As planning continues to advance towards Wake Forest University School of Medicine’s Charlotte campus seating its first class in 2025, designers and engineers are working to ensure the Howard R. Levine Center for Education will be state-of-the-art, including building the facility to a carbon-zero and LEED Gold standard, while also achieving a WELL Building Standard.
Leadership in Energy and Environmental Design (LEED) Zero Carbon certification refers to optimal efficiency in building construction and operation and avoiding emissions from energy consumption. LEED Zero Carbon “recognizes net-zero carbon emissions from energy consumption through carbon emissions avoided or offset over a period of 12 months.” According to the International Well Building Institute, the WELL Building Standard “takes a holistic approach to health in the built environment addressing behavior, operations and design...measuring, certifying and monitoring features of the built environment that impact human health and well-being, through air, water, nourishment, light, fitness, comfort and mind.”
The education center will be located in “The Pearl” innovation district, near Midtown Charlotte, and is currently under construction. The 14-story building will be named in honor of Charlotte business leader and philanthropist Howard R. Levine, whose family foundation provided a $25 million gift to Atrium Health Foundation in support of the project. It will house a second campus of Wake Forest University School of Medicine and is believed it will be the nation’s first net-zero medical school. In much the same way Howard Levine and his family have helped advance pediatric and cancer care nationally, this commitment to a net-zero medical school can transform the way health care is delivered for generations.
It has been estimated the health care sector creates 8.5% of total greenhouse gas emissions in the U.S. The net-zero approach by Atrium Health recognizes health care has unique opportunities to reduce its environmental impact, given its energy needs to maintain 24/7 operations, plus emissions from operating room anesthesia gas waste and other areas where efficiency can be increased and emissions reduced.
“From Day 1 of their training, Wake Forest University School of Medicine will teach our medical students to implement a sustainability-based approach to the way they practice and deliver care, all while in a building that was constructed and operates as net-zero,” said Eugene A. Woods, chief executive officer of Charlotte-based Advocate Health, which both Atrium Health and the school of medicine are a part of. “As an industry, we must take on a larger role in protecting our planet by improving the energy efficiency of our hospitals, transitioning to cleaner energy sources, reducing waste and training the next generation of medical professionals to mirror these types of best practices in their own care delivery.”
In 2022, Woods and other health care industry leaders took part in a roundtable discussion at the White House with officials of the U.S. Department of Health and Human Services, pledging meaningful action to decarbonize the health care sector. Atrium Health was one of the first health systems to sign on to the Health Care Sector Pledge, committing to meet the Biden administration’s goal of reducing emissions by 50% by 2030 and achieving net-zero emissions by 2050.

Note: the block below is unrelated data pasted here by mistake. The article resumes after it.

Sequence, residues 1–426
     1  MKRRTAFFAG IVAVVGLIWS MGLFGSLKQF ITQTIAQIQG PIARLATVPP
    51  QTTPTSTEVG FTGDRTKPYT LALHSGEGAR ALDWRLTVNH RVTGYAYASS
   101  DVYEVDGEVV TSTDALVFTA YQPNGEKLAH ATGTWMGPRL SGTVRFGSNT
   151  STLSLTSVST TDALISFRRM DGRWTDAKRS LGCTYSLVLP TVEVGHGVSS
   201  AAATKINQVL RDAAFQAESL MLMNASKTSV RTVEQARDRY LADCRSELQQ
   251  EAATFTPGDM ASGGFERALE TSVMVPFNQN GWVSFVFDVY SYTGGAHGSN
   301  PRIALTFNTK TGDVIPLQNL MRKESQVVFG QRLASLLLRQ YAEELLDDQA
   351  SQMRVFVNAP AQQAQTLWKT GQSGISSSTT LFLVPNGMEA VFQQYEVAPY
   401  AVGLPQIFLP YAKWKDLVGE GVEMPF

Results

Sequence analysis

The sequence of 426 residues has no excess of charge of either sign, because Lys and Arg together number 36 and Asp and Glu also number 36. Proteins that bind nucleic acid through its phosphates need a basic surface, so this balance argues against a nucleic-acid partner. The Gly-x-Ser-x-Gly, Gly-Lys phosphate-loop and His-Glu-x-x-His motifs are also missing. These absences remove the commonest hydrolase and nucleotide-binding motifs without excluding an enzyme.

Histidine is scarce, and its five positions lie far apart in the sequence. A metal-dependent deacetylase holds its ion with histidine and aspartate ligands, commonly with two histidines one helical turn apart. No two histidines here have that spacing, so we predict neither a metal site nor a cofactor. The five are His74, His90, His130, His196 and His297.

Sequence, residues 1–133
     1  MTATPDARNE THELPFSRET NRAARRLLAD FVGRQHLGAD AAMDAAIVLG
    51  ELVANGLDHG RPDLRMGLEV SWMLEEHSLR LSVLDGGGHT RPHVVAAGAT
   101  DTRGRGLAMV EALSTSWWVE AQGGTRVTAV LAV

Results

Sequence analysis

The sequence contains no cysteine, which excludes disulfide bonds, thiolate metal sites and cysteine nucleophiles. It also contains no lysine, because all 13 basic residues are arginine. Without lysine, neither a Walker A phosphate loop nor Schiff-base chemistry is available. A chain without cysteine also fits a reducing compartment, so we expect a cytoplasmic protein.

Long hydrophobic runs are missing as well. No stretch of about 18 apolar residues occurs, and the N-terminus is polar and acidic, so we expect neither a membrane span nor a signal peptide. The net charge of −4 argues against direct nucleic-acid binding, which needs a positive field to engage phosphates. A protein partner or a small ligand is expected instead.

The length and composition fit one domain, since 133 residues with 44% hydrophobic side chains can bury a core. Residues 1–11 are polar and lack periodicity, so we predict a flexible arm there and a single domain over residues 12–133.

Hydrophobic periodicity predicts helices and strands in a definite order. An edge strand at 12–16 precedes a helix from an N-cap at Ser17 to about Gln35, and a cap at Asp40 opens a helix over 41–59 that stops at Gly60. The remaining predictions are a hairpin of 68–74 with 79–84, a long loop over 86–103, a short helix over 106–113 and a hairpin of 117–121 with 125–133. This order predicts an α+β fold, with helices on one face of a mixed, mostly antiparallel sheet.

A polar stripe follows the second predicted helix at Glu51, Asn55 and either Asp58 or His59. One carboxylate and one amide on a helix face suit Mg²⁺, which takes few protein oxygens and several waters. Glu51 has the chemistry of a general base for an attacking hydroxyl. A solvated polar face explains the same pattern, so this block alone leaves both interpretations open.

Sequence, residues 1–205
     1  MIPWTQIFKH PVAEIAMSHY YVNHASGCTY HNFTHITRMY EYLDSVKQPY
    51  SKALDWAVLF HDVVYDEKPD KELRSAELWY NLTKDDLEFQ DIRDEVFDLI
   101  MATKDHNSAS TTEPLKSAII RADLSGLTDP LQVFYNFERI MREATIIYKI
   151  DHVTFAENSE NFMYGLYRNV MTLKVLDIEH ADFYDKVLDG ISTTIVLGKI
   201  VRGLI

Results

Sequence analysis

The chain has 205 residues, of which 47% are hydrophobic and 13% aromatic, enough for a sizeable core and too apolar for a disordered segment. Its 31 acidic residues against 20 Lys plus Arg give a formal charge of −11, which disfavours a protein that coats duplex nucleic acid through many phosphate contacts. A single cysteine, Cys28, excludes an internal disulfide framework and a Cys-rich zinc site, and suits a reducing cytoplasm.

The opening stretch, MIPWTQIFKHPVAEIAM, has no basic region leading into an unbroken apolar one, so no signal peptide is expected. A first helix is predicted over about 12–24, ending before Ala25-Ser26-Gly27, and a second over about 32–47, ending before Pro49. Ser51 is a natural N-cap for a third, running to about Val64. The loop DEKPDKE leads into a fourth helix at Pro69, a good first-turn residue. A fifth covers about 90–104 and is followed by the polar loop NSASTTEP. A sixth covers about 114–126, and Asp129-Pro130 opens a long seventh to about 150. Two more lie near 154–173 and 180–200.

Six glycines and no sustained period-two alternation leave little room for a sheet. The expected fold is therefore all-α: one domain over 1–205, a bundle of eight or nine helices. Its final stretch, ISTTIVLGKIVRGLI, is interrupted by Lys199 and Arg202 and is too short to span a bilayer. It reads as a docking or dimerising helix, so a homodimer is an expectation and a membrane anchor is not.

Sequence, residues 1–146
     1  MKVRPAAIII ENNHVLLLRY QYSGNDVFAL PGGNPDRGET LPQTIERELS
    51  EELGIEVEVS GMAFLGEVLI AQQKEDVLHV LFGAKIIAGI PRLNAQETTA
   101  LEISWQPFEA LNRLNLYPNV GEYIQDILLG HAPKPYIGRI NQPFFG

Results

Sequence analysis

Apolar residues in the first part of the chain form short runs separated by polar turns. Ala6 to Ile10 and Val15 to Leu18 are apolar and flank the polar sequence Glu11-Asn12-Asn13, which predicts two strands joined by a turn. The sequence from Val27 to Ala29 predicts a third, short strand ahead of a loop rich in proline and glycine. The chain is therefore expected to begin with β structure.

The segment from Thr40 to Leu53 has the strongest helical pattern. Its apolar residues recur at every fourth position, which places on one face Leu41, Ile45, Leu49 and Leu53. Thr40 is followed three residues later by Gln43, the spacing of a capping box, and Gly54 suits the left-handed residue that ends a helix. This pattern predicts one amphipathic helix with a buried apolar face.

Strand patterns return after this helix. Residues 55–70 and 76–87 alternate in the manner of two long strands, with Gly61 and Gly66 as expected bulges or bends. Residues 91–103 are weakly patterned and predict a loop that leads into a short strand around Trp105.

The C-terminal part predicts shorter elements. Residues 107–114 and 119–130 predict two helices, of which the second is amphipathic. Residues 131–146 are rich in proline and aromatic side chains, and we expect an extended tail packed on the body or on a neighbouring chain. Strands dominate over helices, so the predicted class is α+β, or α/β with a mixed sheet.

Some scientists have postulated the Earth’s changing climate is contributing to deteriorating health within the population, including worsening lung disease and heart disease conditions and making people more susceptible to heat-related conditions, conditions which are exacerbated among minority and underserved populations. Policies and practices designed to preserve clean water, clean air and green spaces can help offset some of those types of effects.
By operating Wake Forest University School of Medicine Charlotte on a net-zero basis, medical students will learn the financial and environmental benefits of sustainability. Supporting curriculum is currently being developed.
“As we continue to plan toward the opening of our medical school campus in Charlotte, we have a tremendous opportunity – both in Charlotte and Winston-Salem – to expand our medical education training and have a positive impact on our communities and our environment,” said Dr. Ebony Boulware, dean of Wake Forest University School of Medicine and chief science officer at Advocate Health, of which the medical school is the academic core. “Together, as one medical school and two campuses, united together in one mission, we will empower innovation and lead the way in transforming the future of health care.”
Atrium Health has been named by the Environmental Protection Agency and the U.S. Department of Energy as a “2023 ENERGY STAR Partner of the Year – Sustained Excellence Award” honoree. It is the sixth consecutive year Atrium Health has been recognized by the EPA for its energy efficiency programs and its 26 Energy Star certified buildings. Since 2012, it has reduced its energy consumption by 35%, resulting in more than $23 million in operational cost savings.
The health provider is also a network partner of Practice Greenhealth, a leading, nonprofit innovation and networking organization for sustainable health care. The organization provides tools, resources and scalable solutions that help the enterprise benchmark, set goals and implement strategies to protect community health and well-being.
Atrium Health is partnering with Wexford Science & Technology to construct the Levine Center and the surrounding The Pearl innovation district. The Pearl is a public-private partnership between Atrium Health, Wexford, the City of Charlotte and Mecklenburg County. The innovation district will be a multi-phased, mixed-use development featuring office, lab, retail, residential – including affordable housing, community gathering and academic spaces.